It should also be known that I got a free chunk of babysitting this week (yes I was pinching myself the whole time) and wrote this from a cafe. Some people dream of traveling to Bora-Bora or the Amalfi Coast. I dream of traveling alone to Corner Bakery Cafe for a couple of hours.

**From I Believe in Love, a book that’s been invaluable in my daily life.

Processed with VSCOProcessed with VSCOProcessed with VSCO

Living the gritty poetry of love.

Hopes for Liturgical Living: Advent

I started this little series of how I would like liturgical living in our home to look like because two years into marriage and the rich, unfailing rhythms and traditions that I always imagined would be an effortless part of our lives are haphazard at best but mostly non-existent.

It’s the first week of Advent and this season has proved to be no different so far. Last week I bought an Advent calendar from Trader’s Joe and…that’s all I’ve got. And even though it was cute and cheap, I really think we can do better than just a piece of chocolate per day till Christmas. Here we go:

Food

I’m all about doing simple, sort of penitential meals during this season. Avoiding eating out as much as possible. Toast without toppings for breakfast. Soups for dinner that can be batch cooked and eaten all week. Less meat and dairy and more legumes and vegetables. I don’t want to be feasted out by the time the actual feast begins.

Wear

In my previous liturgical living posts, I’ve written about how I like the idea of wearing darker, more subdued colors during penitential seasons and brighter, cheerier colors during festive seasons. I think this idea can work here without having to create two winter wardrobes. Just having neutral basics and then darker scarves and accessories during Advent and brighter ones during Christmas. This probably sounds ridiculously trivial, but these are just my imaginings for a life integrated with faith in every possible way.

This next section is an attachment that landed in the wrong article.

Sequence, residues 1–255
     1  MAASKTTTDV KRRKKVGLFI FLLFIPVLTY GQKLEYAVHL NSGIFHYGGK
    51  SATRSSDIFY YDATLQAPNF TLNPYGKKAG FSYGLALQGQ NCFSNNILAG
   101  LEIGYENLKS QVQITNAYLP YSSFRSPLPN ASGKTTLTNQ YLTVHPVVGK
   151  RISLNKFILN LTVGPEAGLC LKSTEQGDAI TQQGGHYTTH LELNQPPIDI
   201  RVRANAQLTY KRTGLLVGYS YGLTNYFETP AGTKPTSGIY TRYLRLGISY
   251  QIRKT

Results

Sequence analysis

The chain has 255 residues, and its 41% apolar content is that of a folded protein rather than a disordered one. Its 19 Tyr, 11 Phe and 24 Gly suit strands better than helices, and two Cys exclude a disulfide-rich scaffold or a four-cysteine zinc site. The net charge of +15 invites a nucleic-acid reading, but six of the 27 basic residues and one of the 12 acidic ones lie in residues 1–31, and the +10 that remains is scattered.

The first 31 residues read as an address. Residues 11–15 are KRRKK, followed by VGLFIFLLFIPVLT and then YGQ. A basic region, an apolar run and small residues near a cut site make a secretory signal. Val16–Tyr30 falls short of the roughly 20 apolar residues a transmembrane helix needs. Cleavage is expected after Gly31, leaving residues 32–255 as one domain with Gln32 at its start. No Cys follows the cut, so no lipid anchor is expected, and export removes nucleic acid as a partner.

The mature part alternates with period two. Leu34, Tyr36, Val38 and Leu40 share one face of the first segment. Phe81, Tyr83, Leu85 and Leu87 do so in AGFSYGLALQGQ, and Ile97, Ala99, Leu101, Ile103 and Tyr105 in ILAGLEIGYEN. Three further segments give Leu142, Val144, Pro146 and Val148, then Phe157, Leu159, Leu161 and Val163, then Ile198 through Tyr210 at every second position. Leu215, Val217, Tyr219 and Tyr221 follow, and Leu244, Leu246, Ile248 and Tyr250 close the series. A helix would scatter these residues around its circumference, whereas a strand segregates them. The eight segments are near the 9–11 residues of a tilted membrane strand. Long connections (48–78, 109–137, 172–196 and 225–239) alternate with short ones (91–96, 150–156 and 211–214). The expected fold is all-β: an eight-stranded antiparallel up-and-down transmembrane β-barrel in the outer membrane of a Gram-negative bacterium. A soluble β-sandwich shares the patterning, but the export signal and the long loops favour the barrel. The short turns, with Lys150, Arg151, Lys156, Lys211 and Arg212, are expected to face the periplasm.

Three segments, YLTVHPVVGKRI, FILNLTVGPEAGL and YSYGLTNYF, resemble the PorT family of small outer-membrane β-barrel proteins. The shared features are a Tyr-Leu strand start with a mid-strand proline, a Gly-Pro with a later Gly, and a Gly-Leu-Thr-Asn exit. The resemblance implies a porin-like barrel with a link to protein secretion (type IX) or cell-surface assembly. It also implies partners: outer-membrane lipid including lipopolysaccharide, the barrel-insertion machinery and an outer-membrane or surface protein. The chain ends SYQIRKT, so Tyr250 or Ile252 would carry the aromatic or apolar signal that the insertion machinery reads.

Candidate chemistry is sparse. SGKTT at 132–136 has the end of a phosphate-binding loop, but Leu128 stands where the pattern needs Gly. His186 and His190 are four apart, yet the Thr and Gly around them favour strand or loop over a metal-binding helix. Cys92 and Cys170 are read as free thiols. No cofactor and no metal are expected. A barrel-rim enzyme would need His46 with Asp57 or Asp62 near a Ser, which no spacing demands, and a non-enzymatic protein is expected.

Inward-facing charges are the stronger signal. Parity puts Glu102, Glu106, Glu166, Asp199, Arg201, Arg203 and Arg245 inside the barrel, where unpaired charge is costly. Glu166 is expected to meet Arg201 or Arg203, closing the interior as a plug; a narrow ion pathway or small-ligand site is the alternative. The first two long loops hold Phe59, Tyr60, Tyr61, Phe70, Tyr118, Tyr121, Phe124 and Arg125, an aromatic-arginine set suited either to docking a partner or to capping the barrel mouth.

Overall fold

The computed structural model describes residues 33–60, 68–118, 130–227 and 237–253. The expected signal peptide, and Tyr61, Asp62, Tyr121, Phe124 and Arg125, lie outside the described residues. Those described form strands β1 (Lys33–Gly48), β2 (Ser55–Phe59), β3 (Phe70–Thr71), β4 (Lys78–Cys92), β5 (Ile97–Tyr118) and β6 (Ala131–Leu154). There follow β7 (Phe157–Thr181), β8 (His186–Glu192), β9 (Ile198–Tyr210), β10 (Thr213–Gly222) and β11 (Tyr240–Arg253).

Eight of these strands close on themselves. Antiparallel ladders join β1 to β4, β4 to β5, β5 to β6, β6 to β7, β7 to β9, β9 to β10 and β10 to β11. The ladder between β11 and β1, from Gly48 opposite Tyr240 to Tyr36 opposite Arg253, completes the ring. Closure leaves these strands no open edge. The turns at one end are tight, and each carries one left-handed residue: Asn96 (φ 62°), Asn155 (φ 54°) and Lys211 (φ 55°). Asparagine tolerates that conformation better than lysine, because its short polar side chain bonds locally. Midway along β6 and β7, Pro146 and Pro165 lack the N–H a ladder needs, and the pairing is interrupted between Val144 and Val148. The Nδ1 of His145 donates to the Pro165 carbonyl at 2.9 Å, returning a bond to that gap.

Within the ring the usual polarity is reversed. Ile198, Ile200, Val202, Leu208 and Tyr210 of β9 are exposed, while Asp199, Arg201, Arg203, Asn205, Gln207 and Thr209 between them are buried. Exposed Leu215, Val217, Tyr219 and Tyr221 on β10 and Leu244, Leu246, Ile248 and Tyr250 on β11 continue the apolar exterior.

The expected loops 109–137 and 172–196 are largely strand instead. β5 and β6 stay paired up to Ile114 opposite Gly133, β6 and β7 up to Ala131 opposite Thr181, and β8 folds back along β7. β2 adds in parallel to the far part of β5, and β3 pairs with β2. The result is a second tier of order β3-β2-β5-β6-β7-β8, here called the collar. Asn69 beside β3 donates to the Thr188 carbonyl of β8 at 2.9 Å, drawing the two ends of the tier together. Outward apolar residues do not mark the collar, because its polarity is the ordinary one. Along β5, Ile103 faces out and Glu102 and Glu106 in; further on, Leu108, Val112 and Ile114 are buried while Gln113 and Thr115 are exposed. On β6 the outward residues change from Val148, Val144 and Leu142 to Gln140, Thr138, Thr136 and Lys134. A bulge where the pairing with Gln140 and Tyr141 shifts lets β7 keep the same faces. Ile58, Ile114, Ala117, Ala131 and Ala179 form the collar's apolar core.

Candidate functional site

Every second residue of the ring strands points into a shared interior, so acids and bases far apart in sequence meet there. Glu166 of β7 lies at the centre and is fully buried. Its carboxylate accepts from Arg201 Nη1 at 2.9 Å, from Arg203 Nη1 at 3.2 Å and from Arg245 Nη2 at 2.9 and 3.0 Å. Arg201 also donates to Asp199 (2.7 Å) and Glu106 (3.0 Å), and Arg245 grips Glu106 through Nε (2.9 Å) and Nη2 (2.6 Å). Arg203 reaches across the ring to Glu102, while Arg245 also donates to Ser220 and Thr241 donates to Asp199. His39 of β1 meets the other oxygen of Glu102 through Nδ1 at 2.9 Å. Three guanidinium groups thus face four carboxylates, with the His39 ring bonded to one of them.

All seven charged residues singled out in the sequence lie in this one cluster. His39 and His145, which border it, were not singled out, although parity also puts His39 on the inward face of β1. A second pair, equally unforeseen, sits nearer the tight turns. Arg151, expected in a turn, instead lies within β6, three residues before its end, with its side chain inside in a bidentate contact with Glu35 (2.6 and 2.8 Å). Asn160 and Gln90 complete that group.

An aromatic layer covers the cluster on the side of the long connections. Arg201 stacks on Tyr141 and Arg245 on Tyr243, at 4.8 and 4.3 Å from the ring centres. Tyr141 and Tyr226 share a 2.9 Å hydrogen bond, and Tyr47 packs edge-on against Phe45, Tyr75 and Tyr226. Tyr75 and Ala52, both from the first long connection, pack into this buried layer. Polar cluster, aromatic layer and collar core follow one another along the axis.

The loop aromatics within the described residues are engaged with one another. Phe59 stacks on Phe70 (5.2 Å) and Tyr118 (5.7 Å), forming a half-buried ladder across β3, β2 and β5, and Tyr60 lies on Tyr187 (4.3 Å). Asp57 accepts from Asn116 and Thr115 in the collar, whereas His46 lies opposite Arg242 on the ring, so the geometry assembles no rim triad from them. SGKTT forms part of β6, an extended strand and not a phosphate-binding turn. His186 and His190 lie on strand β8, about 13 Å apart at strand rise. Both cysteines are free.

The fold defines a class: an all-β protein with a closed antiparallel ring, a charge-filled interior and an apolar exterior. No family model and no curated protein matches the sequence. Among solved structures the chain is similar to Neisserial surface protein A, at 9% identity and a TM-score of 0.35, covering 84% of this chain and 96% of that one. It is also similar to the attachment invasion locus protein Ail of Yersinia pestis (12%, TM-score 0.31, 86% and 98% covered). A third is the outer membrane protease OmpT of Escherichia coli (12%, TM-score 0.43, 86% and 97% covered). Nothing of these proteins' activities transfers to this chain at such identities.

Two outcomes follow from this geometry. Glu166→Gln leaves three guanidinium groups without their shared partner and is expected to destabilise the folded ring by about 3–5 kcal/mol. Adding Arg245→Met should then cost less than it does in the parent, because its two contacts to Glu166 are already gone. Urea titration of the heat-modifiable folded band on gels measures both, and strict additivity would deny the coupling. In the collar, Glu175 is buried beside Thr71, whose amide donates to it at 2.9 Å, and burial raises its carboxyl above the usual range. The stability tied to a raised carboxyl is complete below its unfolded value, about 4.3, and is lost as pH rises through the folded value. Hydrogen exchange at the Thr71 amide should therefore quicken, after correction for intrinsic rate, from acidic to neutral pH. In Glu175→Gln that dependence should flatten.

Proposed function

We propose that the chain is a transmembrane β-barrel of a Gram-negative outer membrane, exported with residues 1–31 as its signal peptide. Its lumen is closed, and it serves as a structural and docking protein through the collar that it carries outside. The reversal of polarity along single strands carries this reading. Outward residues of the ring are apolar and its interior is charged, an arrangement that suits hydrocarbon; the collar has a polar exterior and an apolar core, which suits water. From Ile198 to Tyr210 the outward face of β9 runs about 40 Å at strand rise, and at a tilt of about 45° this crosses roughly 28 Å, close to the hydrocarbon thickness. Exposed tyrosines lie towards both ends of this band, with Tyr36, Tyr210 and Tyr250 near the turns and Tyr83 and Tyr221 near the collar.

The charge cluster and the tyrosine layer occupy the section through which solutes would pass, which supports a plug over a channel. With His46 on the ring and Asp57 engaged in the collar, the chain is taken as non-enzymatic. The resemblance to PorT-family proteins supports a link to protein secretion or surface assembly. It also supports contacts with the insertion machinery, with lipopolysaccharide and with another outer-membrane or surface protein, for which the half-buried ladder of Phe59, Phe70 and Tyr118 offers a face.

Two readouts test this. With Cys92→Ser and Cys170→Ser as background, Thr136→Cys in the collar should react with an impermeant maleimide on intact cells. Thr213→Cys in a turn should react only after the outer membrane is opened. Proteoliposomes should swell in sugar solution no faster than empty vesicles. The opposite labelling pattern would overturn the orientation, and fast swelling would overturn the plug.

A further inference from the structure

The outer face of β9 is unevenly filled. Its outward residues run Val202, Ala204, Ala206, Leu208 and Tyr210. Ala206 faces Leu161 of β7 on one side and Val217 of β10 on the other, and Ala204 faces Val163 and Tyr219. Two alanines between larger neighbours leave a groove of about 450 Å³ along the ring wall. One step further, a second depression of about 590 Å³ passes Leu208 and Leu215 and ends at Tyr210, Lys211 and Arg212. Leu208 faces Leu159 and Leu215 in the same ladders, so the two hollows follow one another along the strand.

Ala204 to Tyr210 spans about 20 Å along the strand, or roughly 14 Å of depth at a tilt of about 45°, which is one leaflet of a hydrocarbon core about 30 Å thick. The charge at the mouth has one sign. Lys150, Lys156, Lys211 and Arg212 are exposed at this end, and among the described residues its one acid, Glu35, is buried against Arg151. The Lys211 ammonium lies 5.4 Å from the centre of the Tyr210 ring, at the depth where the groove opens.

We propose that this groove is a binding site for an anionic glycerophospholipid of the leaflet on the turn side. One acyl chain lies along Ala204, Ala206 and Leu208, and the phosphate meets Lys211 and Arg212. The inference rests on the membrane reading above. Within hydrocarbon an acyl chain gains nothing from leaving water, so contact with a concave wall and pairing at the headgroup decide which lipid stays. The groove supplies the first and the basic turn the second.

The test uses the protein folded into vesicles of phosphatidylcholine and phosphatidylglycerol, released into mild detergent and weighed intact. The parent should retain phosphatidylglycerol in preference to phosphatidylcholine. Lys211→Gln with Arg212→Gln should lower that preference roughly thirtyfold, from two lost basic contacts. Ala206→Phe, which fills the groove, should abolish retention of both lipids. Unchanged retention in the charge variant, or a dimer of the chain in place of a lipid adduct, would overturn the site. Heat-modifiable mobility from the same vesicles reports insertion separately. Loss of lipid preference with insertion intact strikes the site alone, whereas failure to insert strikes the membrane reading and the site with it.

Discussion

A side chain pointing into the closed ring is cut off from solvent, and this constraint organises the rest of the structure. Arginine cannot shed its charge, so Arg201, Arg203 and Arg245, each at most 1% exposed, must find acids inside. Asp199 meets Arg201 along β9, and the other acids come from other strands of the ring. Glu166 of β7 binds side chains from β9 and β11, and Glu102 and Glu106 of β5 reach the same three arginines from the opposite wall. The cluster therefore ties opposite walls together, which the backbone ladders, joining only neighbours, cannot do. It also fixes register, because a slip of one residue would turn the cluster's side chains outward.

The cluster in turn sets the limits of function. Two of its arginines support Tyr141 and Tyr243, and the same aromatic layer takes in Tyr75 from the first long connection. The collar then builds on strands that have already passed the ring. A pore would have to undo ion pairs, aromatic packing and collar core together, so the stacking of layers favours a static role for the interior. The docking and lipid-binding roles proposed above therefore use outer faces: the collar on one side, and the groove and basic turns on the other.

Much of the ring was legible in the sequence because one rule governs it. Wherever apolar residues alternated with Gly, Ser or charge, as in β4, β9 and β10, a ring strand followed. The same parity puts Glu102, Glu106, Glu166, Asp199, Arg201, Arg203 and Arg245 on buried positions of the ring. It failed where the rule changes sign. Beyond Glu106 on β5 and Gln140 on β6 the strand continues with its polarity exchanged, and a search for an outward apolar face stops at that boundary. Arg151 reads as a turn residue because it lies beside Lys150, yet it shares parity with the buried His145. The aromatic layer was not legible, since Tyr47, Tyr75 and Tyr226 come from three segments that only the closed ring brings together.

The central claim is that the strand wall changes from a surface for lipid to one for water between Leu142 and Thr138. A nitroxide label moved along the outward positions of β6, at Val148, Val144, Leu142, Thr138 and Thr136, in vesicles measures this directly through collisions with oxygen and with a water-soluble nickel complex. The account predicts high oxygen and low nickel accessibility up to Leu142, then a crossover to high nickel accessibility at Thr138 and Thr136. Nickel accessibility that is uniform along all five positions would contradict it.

Another thought is donating warm clothes to those in need. St. Martin of Tours’ feast day is in November, but the tale of him sharing his cloak with the freezing beggar is a fitting Advent story to tell children. (Fun fact though: in the early centuries of the Church, a period of forty days of fasting before Christmas was celebrated starting on November 12th, the day after St. Martin’s feast. It was called Quadrasegimi Sancti Martini–St. Martin’s Advent.)

Work

I want to spend the first two weeks deep cleaning, decluttering, making our home generally more peaceful and ready for Christmas. And then I really like the idea of spending Gaudete Sunday onward making salt dough and cinnamon ornaments, popcorn garlands, paper snowflakes, and so on and then putting them aside until Christmas eve. As Auntie Leila says, Advent is for making.